On Saturday night, Oregon defensive coordinator Nick Aliotti opened eyes with a profane tirade aimed at the Ducks’ opponent that night, Washington State. On Sunday, Aliotti went into damage control, issuing an apology.
On Monday, the Pac-12 had its say. And while it lacked the colorful language used by Aliotti, it certainly packed quite a sting.
Pac-12 commissioner Larry Scott announced Monday a public reprimand for the coach, as well as $5,000 fine.
"The Pac-12 has specific rules that prohibit our coaches from making public comments about officiating, and this prohibition specifically includes comments that create doubts about the credibility of the Conference’s officiating program,” Scott said in the statement. “His comments also showed a lack of support for the Pac-12‘s policies on Sportsmanship and Standards of Conduct, which call for our coaches to treat opponents with respect."
The controversy erupted after the No. 2 Ducks’ 62-38 win over the Cougars. In the game, WSU head coach Mike Leach had quarterback Connor Halliday throw 89 passes in the loss, breaking the previous FBS record of 83 set by Purdue’s Drew Brees in 1998. But a closer look at the numbers shows what set Aliotti off.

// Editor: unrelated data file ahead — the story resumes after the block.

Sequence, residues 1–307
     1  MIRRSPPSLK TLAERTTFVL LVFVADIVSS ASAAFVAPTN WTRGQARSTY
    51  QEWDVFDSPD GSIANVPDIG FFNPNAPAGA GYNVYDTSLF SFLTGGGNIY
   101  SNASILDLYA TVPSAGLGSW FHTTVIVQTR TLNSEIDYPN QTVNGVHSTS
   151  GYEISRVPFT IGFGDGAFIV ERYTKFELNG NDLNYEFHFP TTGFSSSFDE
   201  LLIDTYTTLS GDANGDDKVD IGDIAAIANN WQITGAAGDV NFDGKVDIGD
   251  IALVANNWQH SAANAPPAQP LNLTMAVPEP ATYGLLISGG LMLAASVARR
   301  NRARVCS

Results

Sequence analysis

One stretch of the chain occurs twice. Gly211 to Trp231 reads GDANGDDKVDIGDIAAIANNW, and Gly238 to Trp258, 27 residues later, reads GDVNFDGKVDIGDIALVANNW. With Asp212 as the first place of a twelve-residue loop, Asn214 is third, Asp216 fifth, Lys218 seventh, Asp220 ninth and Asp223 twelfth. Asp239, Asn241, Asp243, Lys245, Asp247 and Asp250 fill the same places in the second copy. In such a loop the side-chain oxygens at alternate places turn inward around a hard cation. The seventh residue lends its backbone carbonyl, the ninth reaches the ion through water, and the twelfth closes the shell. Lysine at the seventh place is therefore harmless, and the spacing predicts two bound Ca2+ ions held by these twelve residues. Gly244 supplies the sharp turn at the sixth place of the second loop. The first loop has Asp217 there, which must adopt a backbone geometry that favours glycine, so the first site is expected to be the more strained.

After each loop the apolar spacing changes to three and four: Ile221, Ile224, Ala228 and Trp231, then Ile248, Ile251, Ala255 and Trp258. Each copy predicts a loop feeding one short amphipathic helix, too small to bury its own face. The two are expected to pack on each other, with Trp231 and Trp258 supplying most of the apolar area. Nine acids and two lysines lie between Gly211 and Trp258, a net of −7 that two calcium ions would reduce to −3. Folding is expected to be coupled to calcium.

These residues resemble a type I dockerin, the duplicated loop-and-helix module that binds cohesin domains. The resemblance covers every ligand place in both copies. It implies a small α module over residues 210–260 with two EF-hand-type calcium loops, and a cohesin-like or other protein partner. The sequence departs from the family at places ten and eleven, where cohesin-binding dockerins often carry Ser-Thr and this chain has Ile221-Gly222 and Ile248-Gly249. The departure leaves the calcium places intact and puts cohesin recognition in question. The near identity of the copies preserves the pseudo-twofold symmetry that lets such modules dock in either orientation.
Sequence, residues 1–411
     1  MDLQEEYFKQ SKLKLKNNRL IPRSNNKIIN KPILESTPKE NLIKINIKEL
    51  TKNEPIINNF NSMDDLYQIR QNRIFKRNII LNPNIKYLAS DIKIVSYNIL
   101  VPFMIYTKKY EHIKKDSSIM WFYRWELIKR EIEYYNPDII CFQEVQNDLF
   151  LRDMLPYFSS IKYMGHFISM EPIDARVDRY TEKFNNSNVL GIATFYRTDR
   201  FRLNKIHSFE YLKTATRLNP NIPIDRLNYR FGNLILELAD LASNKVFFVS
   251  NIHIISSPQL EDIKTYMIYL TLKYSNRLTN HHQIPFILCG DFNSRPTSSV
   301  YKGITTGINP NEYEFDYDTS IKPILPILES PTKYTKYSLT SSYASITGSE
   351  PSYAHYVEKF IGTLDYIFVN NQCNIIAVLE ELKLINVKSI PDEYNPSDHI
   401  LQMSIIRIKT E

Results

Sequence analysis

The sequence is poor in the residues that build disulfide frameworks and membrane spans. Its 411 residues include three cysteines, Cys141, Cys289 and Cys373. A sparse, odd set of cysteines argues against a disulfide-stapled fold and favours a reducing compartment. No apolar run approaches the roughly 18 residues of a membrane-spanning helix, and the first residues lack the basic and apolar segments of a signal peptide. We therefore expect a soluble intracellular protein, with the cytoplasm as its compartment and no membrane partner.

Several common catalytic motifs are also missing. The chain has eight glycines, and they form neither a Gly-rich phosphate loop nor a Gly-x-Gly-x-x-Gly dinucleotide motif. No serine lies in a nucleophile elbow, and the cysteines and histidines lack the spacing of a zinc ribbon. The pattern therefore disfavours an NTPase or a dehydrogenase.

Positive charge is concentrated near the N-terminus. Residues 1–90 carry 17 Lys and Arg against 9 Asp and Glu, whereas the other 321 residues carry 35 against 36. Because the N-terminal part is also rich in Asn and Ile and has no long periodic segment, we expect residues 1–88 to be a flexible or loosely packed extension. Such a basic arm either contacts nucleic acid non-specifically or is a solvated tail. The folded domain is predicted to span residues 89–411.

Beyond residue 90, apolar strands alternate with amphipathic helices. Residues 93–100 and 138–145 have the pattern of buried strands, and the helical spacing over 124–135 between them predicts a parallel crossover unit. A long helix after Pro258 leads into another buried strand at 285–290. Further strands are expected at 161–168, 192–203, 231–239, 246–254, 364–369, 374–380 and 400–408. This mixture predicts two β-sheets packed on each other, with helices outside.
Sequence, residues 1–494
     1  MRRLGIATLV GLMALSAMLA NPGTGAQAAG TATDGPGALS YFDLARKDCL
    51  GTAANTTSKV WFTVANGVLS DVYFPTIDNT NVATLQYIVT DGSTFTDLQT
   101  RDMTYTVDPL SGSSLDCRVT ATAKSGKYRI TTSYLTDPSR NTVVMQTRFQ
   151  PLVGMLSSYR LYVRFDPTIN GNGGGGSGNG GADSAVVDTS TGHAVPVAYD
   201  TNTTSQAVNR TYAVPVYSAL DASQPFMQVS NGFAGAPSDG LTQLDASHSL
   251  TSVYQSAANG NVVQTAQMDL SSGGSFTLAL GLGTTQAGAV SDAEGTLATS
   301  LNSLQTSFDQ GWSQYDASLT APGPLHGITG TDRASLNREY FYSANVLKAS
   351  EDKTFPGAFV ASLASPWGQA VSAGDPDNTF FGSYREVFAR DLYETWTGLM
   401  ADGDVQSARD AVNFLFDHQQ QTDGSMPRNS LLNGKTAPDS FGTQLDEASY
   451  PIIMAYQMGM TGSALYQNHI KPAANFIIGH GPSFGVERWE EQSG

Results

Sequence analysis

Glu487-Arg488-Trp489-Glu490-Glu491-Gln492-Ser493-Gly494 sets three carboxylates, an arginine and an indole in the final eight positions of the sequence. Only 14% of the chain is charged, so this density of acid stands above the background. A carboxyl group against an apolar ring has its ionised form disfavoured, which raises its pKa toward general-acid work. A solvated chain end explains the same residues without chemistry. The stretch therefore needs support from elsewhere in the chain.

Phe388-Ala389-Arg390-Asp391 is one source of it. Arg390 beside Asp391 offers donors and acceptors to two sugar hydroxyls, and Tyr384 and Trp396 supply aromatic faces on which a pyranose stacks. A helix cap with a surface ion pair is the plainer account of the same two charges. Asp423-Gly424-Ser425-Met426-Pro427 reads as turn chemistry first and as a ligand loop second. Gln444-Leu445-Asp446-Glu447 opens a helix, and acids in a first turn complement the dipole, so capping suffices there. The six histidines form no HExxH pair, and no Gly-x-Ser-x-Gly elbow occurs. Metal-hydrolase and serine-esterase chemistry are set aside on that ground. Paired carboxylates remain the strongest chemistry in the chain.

The Ducks pulled their defensive starters from the game in the fourth quarter, ahead 62-24. In that fourth quarter, Washington State never took its foot off the gas, throwing on every offensive down in the quarter. Halliday was able to throw two scores for the game’s final 14 points, but he also threw as many interceptions as touchdowns (four). The junior leads the nation with 17 interceptions.
And after the game, Aliotti said, "That’s total bulls**t that he threw the ball at the end of the game like he did. And you can print that and you can send it to him, and he can comment, too. I think it’s low class and it’s bulls**t to throw the ball when the game is completely over against our kids that are basically our scout team. … Make sure he knows that. Because I don’t really care."
The next day, a much more contrite-sounding Aliotti told GoDucks.com:
"My integrity’s important to me, and the type of person I really am wasn’t portrayed
in that moment. I got caught up in the emotion, and that’s not what a man of Oregon
should do. I’m embarrassed.
"The bottom line is, I’m sorry. I’m embarrassed that I got caught up in the moment
after the game. There’s no excuse, but sometimes right after the game the adrenaline
is still flowing and I made a huge, human error in judgment. I wish I could take it back,
and I promise it won’t happen again.
"I’d like to apologize to Mike Leach and (athletic director) Bill Moos, Washington State
and its fans, and Oregon and our fans."